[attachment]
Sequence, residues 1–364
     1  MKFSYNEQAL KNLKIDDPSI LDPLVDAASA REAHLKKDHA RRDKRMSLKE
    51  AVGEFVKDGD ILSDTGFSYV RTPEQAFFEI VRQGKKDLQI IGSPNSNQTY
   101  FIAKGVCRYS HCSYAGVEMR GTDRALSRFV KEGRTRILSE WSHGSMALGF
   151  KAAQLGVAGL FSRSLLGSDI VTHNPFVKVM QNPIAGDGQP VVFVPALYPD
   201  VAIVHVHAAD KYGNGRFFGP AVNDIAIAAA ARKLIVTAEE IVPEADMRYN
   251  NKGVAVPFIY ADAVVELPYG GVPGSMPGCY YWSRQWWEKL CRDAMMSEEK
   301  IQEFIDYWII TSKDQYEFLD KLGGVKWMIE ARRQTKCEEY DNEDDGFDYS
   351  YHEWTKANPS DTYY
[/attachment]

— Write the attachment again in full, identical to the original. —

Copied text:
Sequence, residues 1–364
     1  MKFSYNEQAL KNLKIDDPSI LDPLVDAASA REAHLKKDHA RRDKRMSLKE
    51  AVGEFVKDGD ILSDTGFSYV RTPEQAFFEI VRQGKKDLQI IGSPNSNQTY
   101  FIAKGVCRYS HCSYAGVEMR GTDRALSRFV KEGRTRILSE WSHGSMALGF
   151  KAAQLGVAGL FSRSLLGSDI VTHNPFVKVM QNPIAGDGQP VVFVPALYPD
   201  VAIVHVHAAD KYGNGRFFGP AVNDIAIAAA ARKLIVTAEE IVPEADMRYN
   251  NKGVAVPFIY ADAVVELPYG GVPGSMPGCY YWSRQWWEKL CRDAMMSEEK
   301  IQEFIDYWII TSKDQYEFLD KLGGVKWMIE ARRQTKCEEY DNEDDGFDYS
   351  YHEWTKANPS DTYY